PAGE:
It does seem odd that they had not made plans for their deaths. They were a long way from the graves of their ancestors, (and indeed Terach the father of Abraham had also died in Haran away from his homeland of Ur Chasdim) so they would have had to innovate in their new lives in the new country. Were they hoping for some guidance in the moment? Were they wondering if they would be staying in the land or moving onwards again? What was behind the need for Abraham to have to negotiate for a family plot while in the grief of immediate bereavement? If as a Jewish community we have learned one thing, we have learned of the importance of community support in times of death and bereavement. The chevra kadisha (holy fellowship) which is appointed by every Jewish community to care for the dead, goes back at least to the time of Rabbi Hamnuna (3rd Century CE). The Talmud (Mo’ed Katan 27b) tells us This also said Rav Judah as reporting Rav: When a person dies in town, all the townspeople are forbidden from doing work. R. Hamnuna once came to Daru-matha, he heard the sound of the funerary-bugle [and] seeing some people carrying on their work, he said: Let the people be under the shammetha [ban]! Is there not a person dead in town? They told him that there was an Association (chevra kadisha) in the town. If so, said he to them, it is allowed you [to work].”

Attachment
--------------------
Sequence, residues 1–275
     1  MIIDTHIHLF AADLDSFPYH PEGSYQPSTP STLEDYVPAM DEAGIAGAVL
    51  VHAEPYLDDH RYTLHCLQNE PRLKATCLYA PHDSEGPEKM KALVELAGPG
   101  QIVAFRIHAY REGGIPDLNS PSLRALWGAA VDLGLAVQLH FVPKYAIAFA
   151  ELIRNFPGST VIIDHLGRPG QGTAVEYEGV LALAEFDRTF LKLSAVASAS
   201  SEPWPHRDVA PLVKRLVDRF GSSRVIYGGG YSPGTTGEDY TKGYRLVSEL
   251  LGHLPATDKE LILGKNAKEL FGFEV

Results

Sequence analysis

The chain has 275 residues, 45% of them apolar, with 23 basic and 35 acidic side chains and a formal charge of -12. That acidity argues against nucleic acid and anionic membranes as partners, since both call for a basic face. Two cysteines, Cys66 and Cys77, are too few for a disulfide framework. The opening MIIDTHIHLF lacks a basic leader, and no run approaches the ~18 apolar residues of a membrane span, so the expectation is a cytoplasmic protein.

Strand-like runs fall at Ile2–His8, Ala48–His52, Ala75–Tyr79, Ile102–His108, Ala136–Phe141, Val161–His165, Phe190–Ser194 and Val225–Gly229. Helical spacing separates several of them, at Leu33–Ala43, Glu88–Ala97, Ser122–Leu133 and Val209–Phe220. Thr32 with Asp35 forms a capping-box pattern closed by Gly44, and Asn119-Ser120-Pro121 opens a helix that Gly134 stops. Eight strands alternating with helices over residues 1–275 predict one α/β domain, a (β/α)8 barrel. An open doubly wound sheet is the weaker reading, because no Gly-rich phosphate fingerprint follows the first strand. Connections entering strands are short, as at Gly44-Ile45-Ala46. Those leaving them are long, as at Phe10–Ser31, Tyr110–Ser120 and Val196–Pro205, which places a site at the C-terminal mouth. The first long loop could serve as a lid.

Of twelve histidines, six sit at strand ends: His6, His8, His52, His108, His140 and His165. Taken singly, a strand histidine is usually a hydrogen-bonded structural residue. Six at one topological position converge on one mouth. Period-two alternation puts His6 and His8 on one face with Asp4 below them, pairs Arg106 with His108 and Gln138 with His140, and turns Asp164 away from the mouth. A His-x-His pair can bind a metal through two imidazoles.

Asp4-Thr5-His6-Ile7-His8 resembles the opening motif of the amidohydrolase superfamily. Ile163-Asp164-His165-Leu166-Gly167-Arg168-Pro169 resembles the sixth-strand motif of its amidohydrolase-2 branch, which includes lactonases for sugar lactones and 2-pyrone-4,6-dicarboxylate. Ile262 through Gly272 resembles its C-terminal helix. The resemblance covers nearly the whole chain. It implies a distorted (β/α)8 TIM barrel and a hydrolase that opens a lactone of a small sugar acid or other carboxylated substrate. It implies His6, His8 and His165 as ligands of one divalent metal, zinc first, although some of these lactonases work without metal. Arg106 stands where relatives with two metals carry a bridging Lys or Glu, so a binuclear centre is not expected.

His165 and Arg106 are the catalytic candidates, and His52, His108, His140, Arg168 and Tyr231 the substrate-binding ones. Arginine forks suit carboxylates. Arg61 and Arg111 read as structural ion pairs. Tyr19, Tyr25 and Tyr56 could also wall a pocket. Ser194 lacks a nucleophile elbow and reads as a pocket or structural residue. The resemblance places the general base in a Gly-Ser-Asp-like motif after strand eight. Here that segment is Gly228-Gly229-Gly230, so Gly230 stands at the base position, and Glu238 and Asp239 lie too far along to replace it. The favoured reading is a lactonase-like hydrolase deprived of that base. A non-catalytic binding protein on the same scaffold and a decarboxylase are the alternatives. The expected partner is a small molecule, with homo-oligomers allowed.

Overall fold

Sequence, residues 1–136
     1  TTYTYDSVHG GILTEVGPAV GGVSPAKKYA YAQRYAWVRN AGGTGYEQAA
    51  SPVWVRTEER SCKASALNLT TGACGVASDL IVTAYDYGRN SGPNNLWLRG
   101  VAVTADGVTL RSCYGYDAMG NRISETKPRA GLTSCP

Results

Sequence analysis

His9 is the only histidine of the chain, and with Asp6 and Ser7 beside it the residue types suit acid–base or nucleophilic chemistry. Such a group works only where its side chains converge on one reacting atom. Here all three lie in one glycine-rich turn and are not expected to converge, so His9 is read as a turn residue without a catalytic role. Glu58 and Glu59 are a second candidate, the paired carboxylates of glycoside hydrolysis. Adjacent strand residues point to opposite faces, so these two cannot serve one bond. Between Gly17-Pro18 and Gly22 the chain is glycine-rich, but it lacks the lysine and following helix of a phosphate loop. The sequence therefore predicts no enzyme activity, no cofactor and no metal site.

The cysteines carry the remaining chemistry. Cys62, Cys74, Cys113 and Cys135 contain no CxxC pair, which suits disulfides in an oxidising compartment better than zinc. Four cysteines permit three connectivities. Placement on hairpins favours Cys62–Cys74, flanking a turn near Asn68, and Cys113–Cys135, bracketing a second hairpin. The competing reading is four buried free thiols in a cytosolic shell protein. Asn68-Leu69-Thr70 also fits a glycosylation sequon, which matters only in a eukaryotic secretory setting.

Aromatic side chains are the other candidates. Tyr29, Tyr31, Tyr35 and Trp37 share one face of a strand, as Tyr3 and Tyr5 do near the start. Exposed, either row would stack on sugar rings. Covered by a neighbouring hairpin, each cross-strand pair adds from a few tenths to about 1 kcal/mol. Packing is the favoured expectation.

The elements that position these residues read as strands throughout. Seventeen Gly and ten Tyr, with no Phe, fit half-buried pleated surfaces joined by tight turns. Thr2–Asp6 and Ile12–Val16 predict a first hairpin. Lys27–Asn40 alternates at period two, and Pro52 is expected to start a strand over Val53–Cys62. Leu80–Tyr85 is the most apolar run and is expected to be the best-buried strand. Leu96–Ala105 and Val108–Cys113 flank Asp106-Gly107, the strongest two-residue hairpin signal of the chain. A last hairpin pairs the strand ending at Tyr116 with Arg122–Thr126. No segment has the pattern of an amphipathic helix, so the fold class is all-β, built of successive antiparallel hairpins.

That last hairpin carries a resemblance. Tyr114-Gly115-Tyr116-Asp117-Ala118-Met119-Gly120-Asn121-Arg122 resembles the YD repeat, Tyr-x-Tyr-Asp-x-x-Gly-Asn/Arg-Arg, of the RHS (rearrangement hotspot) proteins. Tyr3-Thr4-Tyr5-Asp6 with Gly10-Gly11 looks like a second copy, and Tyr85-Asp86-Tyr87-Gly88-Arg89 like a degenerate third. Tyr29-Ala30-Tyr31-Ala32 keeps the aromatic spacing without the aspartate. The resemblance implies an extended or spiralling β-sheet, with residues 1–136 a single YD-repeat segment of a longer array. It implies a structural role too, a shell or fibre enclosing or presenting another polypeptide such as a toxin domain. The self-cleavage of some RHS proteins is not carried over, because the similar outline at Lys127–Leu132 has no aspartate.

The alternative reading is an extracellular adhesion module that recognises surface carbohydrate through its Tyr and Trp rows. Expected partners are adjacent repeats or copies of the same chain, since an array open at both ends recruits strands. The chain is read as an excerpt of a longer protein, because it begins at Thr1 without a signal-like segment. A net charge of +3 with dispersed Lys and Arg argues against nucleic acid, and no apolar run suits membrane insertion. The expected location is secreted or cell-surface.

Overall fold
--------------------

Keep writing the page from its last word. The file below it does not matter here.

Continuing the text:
It provides a fascinating insight into the way the whole community was responsible for taking these practical arrangements from the mourners, and for arranging the dignified care and disposal of the body of the dead. This mitzvah took over from the need to work for everyone in town. There was a notifying sound when someone had died so that everyone would know of the death, and clearly in some places that R.Hamnuna knew, this sound was the prompt to everyone to down tools and go to help. Yet in Daru-matha they were even more organised, having deputed the responsibility to a group of skilled volunteers, much as we do to this day.